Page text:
Journal of veterinary internal medicine 2017 12 09() doi 10.1111/jvim.14876
Subclinical mastitis is of concern in veterinary hospitals because contagious mastitis pathogens might be unknowingly transmitted to susceptible cows and then back to their farm of origin.
To evaluate the California mastitis test (CMT) as an indicator of intramammary infection (IMI) in lactating dairy cows admitted to a veterinary hospital.
A total of 139 admissions of 128 lactating dairy cows admitted to the University of Illinois Veterinary Teaching Hospital over a 2-year period.
A retrospective study with a convenience sample was conducted. Medical records of cows with CMT results and milk culture results for the day of admission were reviewed. Breed, age, season, maximum CMT score for the 4 quarters, maximum CMT score difference, and clinical diagnosis were evaluated as predictors of IMI by the chi-square test and stepwise logistic regression.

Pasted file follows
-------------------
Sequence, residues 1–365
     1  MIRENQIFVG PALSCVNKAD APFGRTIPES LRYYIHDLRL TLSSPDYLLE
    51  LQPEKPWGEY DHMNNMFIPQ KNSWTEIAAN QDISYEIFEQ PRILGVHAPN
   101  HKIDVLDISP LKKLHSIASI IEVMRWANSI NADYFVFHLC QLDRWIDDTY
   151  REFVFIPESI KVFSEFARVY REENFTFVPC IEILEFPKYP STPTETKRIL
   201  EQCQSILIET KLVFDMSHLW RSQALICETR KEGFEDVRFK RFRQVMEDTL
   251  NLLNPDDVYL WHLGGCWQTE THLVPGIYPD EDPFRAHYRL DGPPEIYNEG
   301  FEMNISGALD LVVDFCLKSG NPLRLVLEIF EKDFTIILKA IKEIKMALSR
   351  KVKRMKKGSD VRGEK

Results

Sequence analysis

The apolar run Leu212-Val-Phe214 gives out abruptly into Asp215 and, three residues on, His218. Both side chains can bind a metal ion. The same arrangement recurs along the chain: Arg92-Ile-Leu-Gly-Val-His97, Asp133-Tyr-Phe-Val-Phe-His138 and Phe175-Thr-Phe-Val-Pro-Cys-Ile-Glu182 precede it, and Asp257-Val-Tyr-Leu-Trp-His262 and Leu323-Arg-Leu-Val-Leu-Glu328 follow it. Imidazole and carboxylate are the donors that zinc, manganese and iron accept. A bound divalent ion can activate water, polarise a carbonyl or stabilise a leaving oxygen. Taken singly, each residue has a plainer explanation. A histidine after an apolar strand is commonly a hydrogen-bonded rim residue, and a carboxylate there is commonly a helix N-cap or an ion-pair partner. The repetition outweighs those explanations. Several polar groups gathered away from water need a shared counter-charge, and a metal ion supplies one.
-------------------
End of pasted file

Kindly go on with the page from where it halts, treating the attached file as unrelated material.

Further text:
An IMI was identified in 51% of quarters. For cows admitted without evidence of clinical mastitis, the sensitivity of a CMT score ≥trace in predicting an IMI on a quarter or cow basis was 0.45 and 0.68, respectively. The distributions of maximal quarter CMT score and the maximum difference in quarter CMT score for cows without evidence of clinical mastitis did not differ (P = 0.28, P = 0.84, respectively) for cows with and without IMI. Stepwise logistic regression did not identify significant predictors of IMI in cows without clinical mastitis.
Lactating dairy cattle admitted to a veterinary hospital should be managed as if they have an IMI, even in the absence of clinical mastitis.